base = (PBYTE)module;
  img_dos_header = (PIMAGE_DOS_HEADER)module;

  // Get the PE signature and verify it.
  sig = (DWORD*)(base + img_dos_header->e_lfanew);
  if (IMAGE_NT_SIGNATURE != *sig) {
    // Bad signature -- invalid image or module handle
    return NULL;
  }

  // Get the COFF file header.
  img_file_header = (PIMAGE_FILE_HEADER)(sig + 1);

  // Get the "optional" header (it's not actually optional for executables).
  img_opt_header = (PIMAGE_OPTIONAL_HEADER)(img_file_header + 1);

  // Finally, get the export directory table.
  if (IMAGE_DIRECTORY_ENTRY_EXPORT >= img_opt_header->NumberOfRvaAndSizes) {
    // This image doesn't have an export directory table.
    return NULL;
  }
  rva = img_opt_header->DataDirectory[IMAGE_DIRECTORY_ENTRY_EXPORT].VirtualAddress;
  edt = (PIMAGE_EXPORT_DIRECTORY)(base + rva);

  return edt;
}

And searches a module’s name pointer table (NPT) for the named procedure:

// binary search
DWORD findFuncB(PDWORD npt, DWORD size, PBYTE base, LPCSTR proc) {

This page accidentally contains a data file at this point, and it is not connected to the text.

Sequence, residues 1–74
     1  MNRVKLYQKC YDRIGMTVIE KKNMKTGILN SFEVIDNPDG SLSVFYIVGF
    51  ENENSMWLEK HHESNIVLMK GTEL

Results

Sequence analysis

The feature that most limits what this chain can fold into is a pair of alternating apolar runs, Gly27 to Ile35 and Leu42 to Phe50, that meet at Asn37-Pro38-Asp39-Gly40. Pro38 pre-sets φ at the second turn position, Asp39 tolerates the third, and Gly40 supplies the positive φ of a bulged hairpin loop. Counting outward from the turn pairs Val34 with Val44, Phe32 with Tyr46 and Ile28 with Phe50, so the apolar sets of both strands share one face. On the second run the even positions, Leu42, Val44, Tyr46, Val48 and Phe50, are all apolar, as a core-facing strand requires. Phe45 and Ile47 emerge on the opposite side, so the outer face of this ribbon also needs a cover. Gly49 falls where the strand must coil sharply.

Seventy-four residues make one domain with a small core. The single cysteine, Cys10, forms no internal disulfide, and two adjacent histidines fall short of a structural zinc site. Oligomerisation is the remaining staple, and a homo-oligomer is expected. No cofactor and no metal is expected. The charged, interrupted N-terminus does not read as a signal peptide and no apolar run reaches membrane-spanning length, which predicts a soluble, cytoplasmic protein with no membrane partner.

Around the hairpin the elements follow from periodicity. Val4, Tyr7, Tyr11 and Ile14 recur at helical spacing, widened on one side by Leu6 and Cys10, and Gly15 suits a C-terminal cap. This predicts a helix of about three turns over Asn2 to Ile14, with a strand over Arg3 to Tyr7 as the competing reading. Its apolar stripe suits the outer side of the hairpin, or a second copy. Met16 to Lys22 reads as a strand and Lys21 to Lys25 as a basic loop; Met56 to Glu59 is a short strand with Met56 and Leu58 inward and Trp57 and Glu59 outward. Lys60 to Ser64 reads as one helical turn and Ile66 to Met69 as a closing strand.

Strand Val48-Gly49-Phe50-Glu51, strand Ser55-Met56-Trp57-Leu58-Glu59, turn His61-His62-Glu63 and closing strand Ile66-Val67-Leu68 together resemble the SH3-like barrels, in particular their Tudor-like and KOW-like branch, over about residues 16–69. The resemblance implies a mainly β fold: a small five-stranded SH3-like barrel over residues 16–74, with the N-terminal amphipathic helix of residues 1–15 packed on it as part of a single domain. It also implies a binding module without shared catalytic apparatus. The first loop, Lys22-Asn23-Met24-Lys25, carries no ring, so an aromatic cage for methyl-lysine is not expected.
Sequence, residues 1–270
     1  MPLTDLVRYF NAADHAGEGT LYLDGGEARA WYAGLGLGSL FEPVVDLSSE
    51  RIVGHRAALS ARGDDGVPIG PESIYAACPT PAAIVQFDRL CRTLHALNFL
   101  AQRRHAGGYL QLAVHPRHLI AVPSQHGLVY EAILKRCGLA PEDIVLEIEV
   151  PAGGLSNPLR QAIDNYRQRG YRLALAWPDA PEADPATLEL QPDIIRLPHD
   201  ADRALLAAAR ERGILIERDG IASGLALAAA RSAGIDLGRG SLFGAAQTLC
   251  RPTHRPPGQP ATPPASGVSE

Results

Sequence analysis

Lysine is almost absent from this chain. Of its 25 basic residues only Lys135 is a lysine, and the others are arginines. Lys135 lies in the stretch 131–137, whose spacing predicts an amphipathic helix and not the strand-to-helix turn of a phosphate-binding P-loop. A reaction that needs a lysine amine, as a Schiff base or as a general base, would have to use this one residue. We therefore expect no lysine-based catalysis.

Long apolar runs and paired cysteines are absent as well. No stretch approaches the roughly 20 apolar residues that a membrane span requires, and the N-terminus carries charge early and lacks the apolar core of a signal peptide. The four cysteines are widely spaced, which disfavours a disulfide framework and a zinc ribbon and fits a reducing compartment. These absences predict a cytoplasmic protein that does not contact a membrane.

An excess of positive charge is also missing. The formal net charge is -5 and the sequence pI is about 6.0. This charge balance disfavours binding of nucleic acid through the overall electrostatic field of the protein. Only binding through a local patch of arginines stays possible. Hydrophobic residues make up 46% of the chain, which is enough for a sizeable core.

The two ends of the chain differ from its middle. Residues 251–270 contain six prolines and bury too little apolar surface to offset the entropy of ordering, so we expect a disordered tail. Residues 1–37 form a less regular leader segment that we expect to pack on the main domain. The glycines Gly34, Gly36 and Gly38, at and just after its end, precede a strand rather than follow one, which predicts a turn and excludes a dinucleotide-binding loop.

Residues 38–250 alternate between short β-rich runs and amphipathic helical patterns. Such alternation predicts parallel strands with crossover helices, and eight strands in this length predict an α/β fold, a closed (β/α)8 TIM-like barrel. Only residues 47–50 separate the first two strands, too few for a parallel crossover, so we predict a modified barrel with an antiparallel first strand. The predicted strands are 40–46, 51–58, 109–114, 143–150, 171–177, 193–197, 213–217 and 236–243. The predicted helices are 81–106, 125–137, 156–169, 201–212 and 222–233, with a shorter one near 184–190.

INT   cmp;
  DWORD max;
  DWORD mid;
  DWORD min;

  min = 0;
  max = size - 1;

  while (min <= max) {
    mid = (min + max) >> 1;
    cmp = strcmp((LPCSTR)(npt[mid] + base), proc);
    // printf("check API name %s on %d\n", (LPCSTR)(npt[mid] + base), mid);

    if (cmp < 0) {
      min = mid + 1;
    } else if (cmp > 0) {
      max = mid - 1;
    } else {
      return mid;
    }
  }
  return -1;
}

As you can see, is simply a convenience function that does the binary search of the NPT.

Finally, get ordinal:

// get func ordinal
DWORD getFuncOrd(HMODULE module, LPCSTR proc) {
  PBYTE           base; // module base address
  PIMAGE_EXPORT_DIRECTORY edt;  // export directory table (EDT)
  PWORD           eot;  // export ordinal table (EOT)
  DWORD           i;  // index into NPT and/or EOT
  PDWORD          npt;  // name pointer table (NPT)

  base = (PBYTE)module;

  // Get the export directory table, from which we can find the name pointer
  // table and export ordinal table.
  edt = getEDT(module);

  // Get the name pointer table and search it for the named procedure.
  npt = (DWORD*)(base + edt->AddressOfNames);
  i = findFuncB(npt, edt->NumberOfNames, base, proc);
  if (-1 == i) {